Lacy Asdourian holding court on boys' team

Courtesy Mark Behrens

Lacy Asdourian, a junior guard and lockdown defender, averages about 10 minutes per game for Liberty Christian.

It might be the worst pregame ritual in America.

Isolated in a barren, dimly lit high school bathroom, away from coaches and teammates. There's no locker, no bench, no filtered water. Want to put on your team socks and lace up your high-tops? That's fine. Have a seat on the toilet -- it's the only place to sit down.

Lacy Asdourian, a junior at Liberty Christian High School (Redding, Calif.), lives it.

She lives it because it would be inappropriate for her to change in the same locker room as her basketball teammates. She lives it because she's a girl on a boys' team.

It wasn't supposed to happen this way. Asdourian was slotted to be one of the stars on the Liberty Christian girls' team, but a new rule implemented by the California Interscholastic Federation led to a mass exodus of players. The new rule allows students to transfer to another school's athletic program and play after just 30 days. In the past, transfers had to sit out an entire year. After Liberty Christian saw an all-state freshman bolt to play for another school and one of its post players leave to swim at another school, the trickle-down effect left seven girls interested in playing, one of whom had a bum knee and had not even finished therapy.

It's not like one of those last-guy-off-the-bench situations. When she goes in, we all understand and recognize that she definitely earned her playing time.
Junior guard Joseph Lynch, on Lacy Asdourian

"We had to make the decision that, for the first time since the 1960s, we would not have a girls' basketball team at Liberty Christian," said athletic director Todd Franklin, who doubles as the boys' basketball coach.

At that point, Asdourian was faced with three options: sit the season out and hope Liberty Christian could field a team next year, transfer to another school or play for Franklin's boys' team.

"I was so confused at first; I didn't know what I wanted to do," Asdourian said. "I didn't want to leave my school, because I've been here since kindergarten, but I really wanted to play. At the same time, I was nervous about playing with the boys because I didn't want to slow anything down."

Asdourian's ensuing decision to commit to playing a season on the boys' team has resulted in a three-month journey that has blended beautiful play on the court with enhanced character development off of it.

On the court, the team went 10-2 in conference play before plowing through its sectional tournament. But the journey gained even more momentum Wednesday night when Liberty Christian beat Ripon Christian 67-55 in the first round of the California state tournament.

Asdourian, who could play either volleyball or basketball in college, hasn't owned the box score for Liberty Christian, but she is certainly a regular tenant. She is averaging about 10 minutes per game, and her presence is most felt on the defensive end. Even with a diminutive stature, the 5-foot-5 guard can come in and lock down the other team's primary ball handler.

Her defensive efforts are so valuable, she can spell the team's top two scorers, guards Joseph Lynch and Tyler Green, without any internal conflict or teammate resentment.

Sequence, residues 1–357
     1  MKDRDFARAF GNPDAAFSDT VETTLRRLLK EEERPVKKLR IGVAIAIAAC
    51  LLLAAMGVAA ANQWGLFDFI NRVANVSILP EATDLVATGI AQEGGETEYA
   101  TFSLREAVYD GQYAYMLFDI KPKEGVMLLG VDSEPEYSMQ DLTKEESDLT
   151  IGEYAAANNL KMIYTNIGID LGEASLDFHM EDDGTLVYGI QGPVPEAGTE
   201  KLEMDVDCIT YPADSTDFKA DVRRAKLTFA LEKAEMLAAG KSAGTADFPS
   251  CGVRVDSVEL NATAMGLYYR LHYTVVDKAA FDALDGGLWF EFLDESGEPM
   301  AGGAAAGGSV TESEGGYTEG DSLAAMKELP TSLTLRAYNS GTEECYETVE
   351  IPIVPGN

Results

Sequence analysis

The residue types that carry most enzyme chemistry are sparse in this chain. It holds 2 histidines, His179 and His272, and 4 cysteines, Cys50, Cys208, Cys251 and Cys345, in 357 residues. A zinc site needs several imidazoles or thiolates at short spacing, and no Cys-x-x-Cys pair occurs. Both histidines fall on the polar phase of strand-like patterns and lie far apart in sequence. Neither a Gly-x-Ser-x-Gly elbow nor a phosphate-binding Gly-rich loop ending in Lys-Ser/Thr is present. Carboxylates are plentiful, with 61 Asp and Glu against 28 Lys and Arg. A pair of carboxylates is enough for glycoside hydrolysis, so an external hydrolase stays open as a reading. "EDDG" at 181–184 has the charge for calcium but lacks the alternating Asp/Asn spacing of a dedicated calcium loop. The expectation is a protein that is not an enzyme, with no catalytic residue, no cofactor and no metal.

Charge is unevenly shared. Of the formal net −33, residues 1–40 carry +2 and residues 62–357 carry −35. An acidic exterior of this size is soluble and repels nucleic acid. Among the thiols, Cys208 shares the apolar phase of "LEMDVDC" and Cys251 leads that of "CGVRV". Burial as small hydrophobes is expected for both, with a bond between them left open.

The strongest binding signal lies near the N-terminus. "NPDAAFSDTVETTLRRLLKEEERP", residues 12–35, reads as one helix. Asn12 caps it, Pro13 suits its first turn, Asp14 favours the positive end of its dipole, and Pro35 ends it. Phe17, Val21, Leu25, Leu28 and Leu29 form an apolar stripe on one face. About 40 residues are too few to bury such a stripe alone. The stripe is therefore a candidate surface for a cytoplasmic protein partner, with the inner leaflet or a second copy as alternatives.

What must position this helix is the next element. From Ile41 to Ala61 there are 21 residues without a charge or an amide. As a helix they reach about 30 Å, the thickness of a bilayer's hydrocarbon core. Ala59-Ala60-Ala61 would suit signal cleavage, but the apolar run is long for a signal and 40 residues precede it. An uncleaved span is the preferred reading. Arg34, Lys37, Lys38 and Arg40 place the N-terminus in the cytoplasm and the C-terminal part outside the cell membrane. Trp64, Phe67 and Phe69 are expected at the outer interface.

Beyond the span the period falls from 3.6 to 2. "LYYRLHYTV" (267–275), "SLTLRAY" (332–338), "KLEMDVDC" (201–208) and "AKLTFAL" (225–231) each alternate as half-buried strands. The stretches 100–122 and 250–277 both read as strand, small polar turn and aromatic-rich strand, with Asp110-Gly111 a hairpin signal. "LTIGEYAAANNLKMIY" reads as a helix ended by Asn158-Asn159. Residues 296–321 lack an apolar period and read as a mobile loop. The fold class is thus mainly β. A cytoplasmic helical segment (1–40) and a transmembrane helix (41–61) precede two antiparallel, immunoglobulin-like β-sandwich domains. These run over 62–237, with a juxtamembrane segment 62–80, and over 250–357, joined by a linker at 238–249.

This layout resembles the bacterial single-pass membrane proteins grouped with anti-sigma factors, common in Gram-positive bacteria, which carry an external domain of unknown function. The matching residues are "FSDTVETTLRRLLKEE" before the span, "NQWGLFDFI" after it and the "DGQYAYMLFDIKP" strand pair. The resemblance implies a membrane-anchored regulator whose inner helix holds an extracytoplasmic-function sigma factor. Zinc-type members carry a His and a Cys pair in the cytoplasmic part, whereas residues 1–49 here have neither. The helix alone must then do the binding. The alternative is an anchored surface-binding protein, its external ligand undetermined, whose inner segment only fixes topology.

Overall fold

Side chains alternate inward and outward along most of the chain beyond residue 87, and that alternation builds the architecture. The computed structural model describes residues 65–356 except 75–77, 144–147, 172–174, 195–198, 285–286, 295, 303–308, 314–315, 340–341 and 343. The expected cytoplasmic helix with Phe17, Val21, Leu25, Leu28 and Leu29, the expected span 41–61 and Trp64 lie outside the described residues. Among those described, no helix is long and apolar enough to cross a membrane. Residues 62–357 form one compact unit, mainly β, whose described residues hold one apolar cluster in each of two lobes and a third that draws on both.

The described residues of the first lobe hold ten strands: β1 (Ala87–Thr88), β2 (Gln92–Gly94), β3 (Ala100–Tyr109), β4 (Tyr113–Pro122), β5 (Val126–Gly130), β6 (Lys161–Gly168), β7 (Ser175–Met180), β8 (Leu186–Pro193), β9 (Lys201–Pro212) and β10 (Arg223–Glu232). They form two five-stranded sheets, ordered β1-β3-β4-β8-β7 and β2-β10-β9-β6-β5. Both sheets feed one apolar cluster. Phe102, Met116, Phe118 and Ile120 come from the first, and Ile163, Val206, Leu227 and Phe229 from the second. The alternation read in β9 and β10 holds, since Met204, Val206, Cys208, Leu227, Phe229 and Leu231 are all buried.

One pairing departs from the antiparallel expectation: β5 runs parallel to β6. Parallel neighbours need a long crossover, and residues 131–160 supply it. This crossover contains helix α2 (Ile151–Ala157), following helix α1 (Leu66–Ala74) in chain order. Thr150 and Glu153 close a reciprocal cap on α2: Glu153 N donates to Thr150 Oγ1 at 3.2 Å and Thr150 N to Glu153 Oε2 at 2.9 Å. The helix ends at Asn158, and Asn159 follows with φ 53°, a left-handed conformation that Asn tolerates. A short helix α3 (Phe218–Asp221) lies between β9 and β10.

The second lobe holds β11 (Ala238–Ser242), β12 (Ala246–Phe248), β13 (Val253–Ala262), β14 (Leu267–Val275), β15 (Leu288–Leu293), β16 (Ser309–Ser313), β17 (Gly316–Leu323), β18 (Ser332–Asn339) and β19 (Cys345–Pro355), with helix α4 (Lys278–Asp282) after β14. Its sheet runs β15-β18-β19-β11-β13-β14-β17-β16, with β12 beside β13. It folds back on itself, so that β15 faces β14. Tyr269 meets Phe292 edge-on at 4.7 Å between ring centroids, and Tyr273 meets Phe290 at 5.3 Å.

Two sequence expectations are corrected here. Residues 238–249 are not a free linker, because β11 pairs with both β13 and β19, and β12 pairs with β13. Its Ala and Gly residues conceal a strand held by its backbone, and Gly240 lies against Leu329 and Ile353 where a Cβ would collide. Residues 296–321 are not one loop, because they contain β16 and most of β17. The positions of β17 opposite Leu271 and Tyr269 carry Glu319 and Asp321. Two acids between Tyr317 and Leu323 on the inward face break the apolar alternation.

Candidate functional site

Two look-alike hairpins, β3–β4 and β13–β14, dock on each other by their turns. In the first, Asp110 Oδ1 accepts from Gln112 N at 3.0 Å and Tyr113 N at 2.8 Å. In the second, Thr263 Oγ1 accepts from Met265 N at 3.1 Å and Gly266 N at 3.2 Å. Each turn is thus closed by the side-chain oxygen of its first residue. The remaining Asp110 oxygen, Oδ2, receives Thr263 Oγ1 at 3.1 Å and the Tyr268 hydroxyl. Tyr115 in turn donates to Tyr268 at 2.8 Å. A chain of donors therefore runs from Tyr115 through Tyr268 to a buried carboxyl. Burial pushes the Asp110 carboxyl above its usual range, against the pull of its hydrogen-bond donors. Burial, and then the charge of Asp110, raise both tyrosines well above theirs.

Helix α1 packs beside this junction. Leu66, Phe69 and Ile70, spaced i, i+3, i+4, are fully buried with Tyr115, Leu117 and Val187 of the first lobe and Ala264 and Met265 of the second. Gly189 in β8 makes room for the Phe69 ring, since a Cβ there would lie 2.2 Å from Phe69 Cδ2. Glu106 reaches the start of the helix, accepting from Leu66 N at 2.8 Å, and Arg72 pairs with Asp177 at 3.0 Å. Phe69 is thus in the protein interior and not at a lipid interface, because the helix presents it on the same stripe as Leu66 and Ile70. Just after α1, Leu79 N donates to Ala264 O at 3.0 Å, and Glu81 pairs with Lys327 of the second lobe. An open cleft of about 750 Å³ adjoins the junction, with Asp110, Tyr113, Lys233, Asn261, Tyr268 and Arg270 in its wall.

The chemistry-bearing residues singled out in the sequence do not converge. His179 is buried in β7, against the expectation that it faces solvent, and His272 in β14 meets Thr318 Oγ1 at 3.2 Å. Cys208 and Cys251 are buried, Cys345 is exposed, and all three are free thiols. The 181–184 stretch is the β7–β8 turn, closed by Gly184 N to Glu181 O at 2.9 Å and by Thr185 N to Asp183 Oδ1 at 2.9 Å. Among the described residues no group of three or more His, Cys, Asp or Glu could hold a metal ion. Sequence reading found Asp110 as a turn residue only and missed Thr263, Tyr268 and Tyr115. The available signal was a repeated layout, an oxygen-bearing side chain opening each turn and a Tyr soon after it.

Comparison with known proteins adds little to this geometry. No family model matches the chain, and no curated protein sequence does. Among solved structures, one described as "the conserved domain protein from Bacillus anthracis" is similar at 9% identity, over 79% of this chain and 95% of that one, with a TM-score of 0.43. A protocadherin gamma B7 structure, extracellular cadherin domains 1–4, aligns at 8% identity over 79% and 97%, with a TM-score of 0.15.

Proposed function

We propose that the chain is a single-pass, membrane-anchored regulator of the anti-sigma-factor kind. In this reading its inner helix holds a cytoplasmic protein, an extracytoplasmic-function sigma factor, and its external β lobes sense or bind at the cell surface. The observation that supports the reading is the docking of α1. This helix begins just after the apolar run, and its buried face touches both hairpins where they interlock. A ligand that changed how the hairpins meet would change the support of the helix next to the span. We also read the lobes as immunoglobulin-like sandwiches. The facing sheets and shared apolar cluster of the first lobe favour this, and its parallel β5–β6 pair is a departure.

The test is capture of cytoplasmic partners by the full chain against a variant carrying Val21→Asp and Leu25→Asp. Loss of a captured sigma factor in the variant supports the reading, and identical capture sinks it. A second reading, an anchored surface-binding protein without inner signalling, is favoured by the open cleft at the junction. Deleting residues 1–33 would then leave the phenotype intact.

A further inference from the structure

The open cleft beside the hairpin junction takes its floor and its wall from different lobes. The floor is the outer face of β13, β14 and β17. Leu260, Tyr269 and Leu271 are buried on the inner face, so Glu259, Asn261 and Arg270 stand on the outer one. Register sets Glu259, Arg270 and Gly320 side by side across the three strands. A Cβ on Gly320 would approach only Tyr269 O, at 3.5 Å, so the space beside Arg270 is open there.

"It's not like one of those last-guy-off-the-bench situations," said Lynch, a junior. "When she goes in, we all understand and recognize that she definitely earned her playing time."

Courtesy Julie Poncia

The 5-foot-5 Lacy Asdourian won't stand out as much in team huddles next year, when Liberty Christian plans to field a girls' team again.

Some may say that kind of selfless awareness is a rarity within the high school boy demographic, but it resonates on this Liberty Christian team, and that could be a direct result of the growth stimulated by Asdourian's joining the team.

"Looking back on it all, I think it's been the best thing for our guys," Franklin said. "We're in a society that has lost track of how to treat females: opening the door for someone, giving up your seat in the video room. These are some life lessons that they may not have gotten had these things not occurred."

It's no wonder, then, that when Asdourian toed the free throw line in the fourth quarter of the first round of the California state tournament Wednesday, she was the one in the gym who least cared about making the shot. Sure, she wanted to contribute a point or two, but her teammates wanted it more. Her coaches wanted it more. The Liberty Christian fans wanted it more. Heck, even the opposing fans might have wanted it more.

The first of her two free throws ripped through the net. It was as if crème brulée was a sound and a sight and an emotion all at once. You couldn't tell by the team's demeanor, but something certainly danced inside all 13 of Asdourian's teammates.

At some point, this historic Liberty Christian playoff run will end. It may be Saturday night against its second-round opponent, St. Joseph, the defending Nor Cal champions and the tournament's No. 1 seed. It may be on March 22 in the state championship game at Sleep Train Arena in Sacramento. Regardless, Asdourian will likely leave the court of a boys' game for the last time -- Liberty Christian intends to field a girls team again next year -- and get to reflect on a decision that has positively impacted so many in her community.

And she'll get to reflect alone. In her own private locker room. Until the boys are fully changed, at least.

"As for us," said the freshman Green, "we'll just be a boys team with one less girl. But we'll carry with us the respect we've gained for playing with other people and with different kinds of people."

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